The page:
investing

Target-date funds not a slam-dunk decision

Right now it appears that many boomers approaching retirement age really don't have a choice. They'll have to extend their working years out another five or 10 years, either because they haven't saved enough, their investments have contracted sharply -- or both.

In fact, that's largely the perception among many employers who offer retirement plans (also known as plan sponsors). In a recent survey of 1,089 plan sponsors, nearly half (46 percent) say their plan participants are considering a delayed retirement because of the recent economic turmoil.

Just for the record, AllianceBernstein's fund performance is not the worst of those sporting a 2010 target date. That dubious honor goes to Oppenheimer Transition 2010, which plummeted 42 percent in the 12 months ending November 14, compared to -39 percent for the Standard & Poor's 500. Ouch!

A little background

Beginning in 2008, target-date funds get safe harbor protection as qualified default investment alternatives, courtesy of the Pension Protection Act. That means that if you don't get involved in choosing investments yourself, employers who offer automatic enrollment can throw your retirement contributions into a target-date fund without fear of legal ramifications -- for the most part.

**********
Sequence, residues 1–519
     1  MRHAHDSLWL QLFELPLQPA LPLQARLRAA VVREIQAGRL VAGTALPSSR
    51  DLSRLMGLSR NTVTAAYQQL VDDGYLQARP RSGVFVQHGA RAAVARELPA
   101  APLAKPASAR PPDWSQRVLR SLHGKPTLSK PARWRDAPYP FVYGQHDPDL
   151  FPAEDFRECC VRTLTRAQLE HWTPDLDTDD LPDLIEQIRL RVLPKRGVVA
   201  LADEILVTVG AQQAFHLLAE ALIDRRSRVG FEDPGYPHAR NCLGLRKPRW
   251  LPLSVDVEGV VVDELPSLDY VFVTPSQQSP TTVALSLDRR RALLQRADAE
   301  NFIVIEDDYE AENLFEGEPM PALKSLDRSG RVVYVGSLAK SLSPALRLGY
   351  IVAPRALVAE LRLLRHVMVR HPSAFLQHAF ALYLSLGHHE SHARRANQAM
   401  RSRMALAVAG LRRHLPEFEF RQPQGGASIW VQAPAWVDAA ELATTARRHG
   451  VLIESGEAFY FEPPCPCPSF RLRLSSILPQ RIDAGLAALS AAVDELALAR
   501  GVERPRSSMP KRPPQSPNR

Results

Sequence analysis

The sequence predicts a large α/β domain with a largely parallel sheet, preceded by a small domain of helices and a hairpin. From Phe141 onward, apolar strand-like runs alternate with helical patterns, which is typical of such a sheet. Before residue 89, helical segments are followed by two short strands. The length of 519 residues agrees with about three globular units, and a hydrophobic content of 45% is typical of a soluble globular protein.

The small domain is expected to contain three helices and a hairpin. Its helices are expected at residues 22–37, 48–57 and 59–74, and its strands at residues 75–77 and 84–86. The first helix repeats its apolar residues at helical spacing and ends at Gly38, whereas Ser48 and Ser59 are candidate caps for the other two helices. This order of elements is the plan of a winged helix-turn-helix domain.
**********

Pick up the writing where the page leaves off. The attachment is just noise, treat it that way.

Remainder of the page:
Roughly 30 percent of employers provide auto-enrollment, according to plansponsor.com. The breakdown of default investments used by companies with auto enrollment is as follows.

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Hed: Default investments in 2008

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By far, target-date funds are the most common default option, and they've grown in popularity in recent years. "It's worth noting that in last year's survey, target dates were the default in 33 percent of plans," says plansponsor's Adams.

Will lawsuits emerge?
Because target-date funds are sanctioned by the Department of Labor, employers don't have to worry too much that they'll be liable for market losses, at least theoretically.

However, some employers do have furrowed brows. Adams says that as part of its annual Defined Contribution Survey, employers were asked, "How concerned are you about litigation resulting from auto-enrolling participants into target-date funds where the underlying funds do not meet the IPS standards?"

IPS stands for investment policy statement, and this has been likened to an architectural blueprint for retirement plans.

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Says Adams: "Over one in five (plan sponsors) were 'very concerned,' 43 percent were 'somewhat concerned.' Only about a third were 'not at all concerned.'"

It turns out that a lot of plans don't even have an investment policy statement in place, according to plansponsor's Defined Contribution Survey.

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